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SAVE - Clarence Street, Bolton
A LAST-ditch legal challenge to save an historic building in Bolton has been launched by a conservation group.
Save Britain’s Heritage (SBH) has secured an injunction against
Bolton Council, which is preparing to demolish the former Bolton Community College and replace it with a temporary car park.
Now town hall bosses must order workers to down tools until the matter is resolved in the High Court.
Marcus Binney, founder of SBH, said the plan was one of the worst examples of civic destruction he had seen.
DEMOLITION work on an historic Bolton building has stopped while its fate is decided by lawyers.
The former Bolton Community College in Clarence Street was due to be torn down and replaced with a car park until an emergency legal challenge last week.
Bolton Council has voluntarily agreed to stop work, and contractors — who had already started removing the windows and roof — have downed tools.
The public inquiry into the Centros development was dramatically adjourned on Wednesday following a request from the city council.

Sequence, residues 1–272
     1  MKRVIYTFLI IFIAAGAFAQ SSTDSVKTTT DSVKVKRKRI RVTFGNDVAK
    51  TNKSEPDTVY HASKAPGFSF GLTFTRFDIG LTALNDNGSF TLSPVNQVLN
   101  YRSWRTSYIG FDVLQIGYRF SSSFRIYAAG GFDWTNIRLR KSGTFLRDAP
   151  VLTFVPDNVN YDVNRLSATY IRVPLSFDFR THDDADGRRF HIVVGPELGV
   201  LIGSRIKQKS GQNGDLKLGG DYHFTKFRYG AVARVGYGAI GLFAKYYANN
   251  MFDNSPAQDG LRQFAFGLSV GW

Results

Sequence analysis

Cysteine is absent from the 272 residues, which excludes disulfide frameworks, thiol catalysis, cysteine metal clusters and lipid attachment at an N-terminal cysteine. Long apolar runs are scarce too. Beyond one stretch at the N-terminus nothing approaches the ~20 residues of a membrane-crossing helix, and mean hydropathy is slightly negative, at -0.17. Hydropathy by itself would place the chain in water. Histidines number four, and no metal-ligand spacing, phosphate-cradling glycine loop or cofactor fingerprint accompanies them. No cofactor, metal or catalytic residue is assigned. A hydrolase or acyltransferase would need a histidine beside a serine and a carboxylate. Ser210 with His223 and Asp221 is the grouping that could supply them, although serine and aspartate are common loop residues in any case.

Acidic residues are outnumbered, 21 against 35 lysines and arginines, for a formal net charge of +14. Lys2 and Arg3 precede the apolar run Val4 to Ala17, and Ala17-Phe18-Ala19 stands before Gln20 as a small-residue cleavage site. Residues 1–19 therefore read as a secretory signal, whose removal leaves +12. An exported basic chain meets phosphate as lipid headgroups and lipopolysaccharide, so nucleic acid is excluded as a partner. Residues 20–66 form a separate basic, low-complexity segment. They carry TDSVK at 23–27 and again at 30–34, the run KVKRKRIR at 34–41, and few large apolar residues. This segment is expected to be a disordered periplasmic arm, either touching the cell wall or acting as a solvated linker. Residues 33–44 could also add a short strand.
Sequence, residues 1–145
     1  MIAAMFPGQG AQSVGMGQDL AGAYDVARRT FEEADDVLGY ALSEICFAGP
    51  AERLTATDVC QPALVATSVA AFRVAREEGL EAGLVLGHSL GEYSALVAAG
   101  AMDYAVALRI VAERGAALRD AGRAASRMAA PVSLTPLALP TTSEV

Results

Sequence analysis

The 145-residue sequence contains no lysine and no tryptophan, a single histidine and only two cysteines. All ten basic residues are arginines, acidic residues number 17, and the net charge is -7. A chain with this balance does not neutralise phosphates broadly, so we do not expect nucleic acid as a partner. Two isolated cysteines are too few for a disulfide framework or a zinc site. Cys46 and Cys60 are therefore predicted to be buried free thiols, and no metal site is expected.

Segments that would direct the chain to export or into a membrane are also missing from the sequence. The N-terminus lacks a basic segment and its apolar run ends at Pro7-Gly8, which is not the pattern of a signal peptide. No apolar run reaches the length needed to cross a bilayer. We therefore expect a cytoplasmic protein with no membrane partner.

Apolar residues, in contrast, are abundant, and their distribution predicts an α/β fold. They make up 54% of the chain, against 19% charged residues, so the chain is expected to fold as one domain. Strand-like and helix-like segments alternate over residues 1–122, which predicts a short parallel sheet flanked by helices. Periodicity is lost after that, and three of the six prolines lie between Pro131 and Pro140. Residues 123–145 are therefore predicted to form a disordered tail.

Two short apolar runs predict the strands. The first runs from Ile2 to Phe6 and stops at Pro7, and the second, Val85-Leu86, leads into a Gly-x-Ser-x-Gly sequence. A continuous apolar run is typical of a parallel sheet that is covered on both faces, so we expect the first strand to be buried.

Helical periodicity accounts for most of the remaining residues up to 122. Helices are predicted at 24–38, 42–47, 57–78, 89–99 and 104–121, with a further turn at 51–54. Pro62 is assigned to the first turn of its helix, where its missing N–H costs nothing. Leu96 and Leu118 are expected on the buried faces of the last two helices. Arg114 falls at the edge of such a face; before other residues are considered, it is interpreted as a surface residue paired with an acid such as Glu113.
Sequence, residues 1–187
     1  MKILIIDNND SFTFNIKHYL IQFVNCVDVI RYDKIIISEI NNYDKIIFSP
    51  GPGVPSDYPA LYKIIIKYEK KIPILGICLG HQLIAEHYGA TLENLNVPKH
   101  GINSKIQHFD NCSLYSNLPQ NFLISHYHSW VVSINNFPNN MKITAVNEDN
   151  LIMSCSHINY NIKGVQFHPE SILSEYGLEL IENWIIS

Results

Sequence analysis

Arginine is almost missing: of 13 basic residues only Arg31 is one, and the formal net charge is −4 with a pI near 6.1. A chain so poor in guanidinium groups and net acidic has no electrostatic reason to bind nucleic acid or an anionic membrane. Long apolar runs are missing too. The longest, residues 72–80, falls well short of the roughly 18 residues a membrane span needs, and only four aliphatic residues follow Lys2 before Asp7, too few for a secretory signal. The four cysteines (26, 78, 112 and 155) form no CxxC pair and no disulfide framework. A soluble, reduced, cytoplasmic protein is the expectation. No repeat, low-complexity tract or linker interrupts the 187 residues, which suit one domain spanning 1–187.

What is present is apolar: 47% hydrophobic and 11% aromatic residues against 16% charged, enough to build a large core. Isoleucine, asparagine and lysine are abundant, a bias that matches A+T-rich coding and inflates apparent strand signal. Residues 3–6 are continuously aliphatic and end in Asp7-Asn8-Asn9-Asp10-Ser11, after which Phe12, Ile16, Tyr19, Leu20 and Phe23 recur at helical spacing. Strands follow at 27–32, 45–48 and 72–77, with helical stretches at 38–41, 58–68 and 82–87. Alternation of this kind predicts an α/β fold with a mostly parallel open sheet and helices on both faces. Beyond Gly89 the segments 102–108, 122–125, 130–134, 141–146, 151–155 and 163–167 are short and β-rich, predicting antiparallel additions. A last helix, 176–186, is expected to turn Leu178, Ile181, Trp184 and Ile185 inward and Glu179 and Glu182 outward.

The council asked for the inquiry to be stopped so it could
consider the "latest professional views" raised during the hearing at
Lancaster Town Hall.
It followed the city council's senior conservation officer Stephen Gardner
giving evidence about the plan which covers 10 acres of prime land in Lancaster city centre.
Lancaster City Council has announced its withdrawal from the
Centros public inquiry.
This announcement comes just days into the proceedings,
apparently following damning evidence on the heritage impact of the £150
million redevelopment scheme.
The application, involves the demolition of 30 historic buildings, 18 within
conservation areas, and is being opposed at the Inquiry by SAVE, English
Heritage and local group It's our City.
The public inquiry into the £140 million Canal Corridor scheme in Lancaster has been adjoured suddenly.
The development, which would include retail, office, cultural and open space, was given the go-ahead by city councillors in October but was called in in January by the then secretary of state Hazel Blears.
Developer Centros withdrew from the inquiry in March to avoid potential costs of up to £1 million, which it said would jeopardise the project's delivery and community benefits. Lancaster City Council was defending the plans on its own.